You need to think through what the problem is telling you. Remember, you have three heats:

q_{calorimeter}

q_{water}

q_{metal}

Each one of these q's is determined by the equation

q = (m) x (c) x (ΔT)

When you are given the mass of the calorimeter, that's

the "m" in the equation for q_{calorimeter}. When you are

given the mass of the water, that's the "m" in the equation for

q_{water}. When you are given the mass of the metal, that's

the "m" in the equation for q_{metal}.

Also, as explained in the book, the temperatures of the water

and calorimeter are the same throughout the experiment.

Thus, the final temperature of the water minus the initial

temperature of the water is the ΔT in the equations for

both q_{calorimeter} and q_{water}. In addition, as explained in

the book, the final temperature of the metal is also the same

as the final temperature of the water and calorimeter. Thus,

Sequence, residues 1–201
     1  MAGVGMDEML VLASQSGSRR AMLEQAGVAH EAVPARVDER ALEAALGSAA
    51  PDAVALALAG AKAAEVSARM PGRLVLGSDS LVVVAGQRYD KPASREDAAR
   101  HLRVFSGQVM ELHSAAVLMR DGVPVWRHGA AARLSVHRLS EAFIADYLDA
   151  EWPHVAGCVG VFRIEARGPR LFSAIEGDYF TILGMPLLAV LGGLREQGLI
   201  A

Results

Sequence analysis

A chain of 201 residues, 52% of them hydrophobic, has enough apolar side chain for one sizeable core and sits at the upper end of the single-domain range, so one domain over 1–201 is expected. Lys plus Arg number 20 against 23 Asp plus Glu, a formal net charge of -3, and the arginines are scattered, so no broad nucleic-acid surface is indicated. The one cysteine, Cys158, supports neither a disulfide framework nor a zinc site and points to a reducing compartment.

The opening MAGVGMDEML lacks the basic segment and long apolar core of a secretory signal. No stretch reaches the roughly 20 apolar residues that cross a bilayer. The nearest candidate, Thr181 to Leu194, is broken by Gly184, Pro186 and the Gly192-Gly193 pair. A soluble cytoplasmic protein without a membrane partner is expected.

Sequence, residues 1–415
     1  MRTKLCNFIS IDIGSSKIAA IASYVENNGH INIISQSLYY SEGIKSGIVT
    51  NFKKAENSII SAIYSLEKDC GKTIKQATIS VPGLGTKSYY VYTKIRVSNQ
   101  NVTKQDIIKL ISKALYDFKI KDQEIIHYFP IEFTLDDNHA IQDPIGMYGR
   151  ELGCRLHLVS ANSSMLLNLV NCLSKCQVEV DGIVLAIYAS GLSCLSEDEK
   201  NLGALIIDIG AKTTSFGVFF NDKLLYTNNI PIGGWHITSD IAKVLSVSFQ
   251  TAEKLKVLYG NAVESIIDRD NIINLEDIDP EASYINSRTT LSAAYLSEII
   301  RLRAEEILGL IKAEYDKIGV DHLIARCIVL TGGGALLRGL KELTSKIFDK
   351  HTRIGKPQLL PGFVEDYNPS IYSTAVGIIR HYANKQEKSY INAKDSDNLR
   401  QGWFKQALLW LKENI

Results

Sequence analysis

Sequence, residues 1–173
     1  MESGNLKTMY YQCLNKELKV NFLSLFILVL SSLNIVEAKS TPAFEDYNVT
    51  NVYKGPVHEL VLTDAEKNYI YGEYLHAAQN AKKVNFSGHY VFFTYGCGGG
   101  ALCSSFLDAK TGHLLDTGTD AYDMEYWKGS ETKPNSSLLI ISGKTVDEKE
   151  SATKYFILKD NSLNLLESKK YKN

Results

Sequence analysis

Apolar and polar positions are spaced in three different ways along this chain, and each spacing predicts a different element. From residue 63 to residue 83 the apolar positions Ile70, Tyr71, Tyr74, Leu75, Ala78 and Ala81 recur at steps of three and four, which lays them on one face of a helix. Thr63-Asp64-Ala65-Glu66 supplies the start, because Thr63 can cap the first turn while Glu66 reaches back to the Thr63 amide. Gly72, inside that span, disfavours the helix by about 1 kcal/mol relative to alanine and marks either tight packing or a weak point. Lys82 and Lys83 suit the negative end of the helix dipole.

the initial temperature of the metal minus the final

temperature of the water is the ΔT in the equation for

q_{metal}.

There will always be two q's for which you have enough

information to get numbers. There will be one q where you

are missing information, but you can figure that out using

the calorimetry equation:

-q_{metal} = q_{water} + q_{calorimeter}

Solving for the q you do not know will then allow you to use

that q's equation to solve for the unknown in the problem.

## More help on calorimetry problems

- Last update:
- 2019-01-29 20:47
- Author:
- Sue
- Revision:
- 1.3

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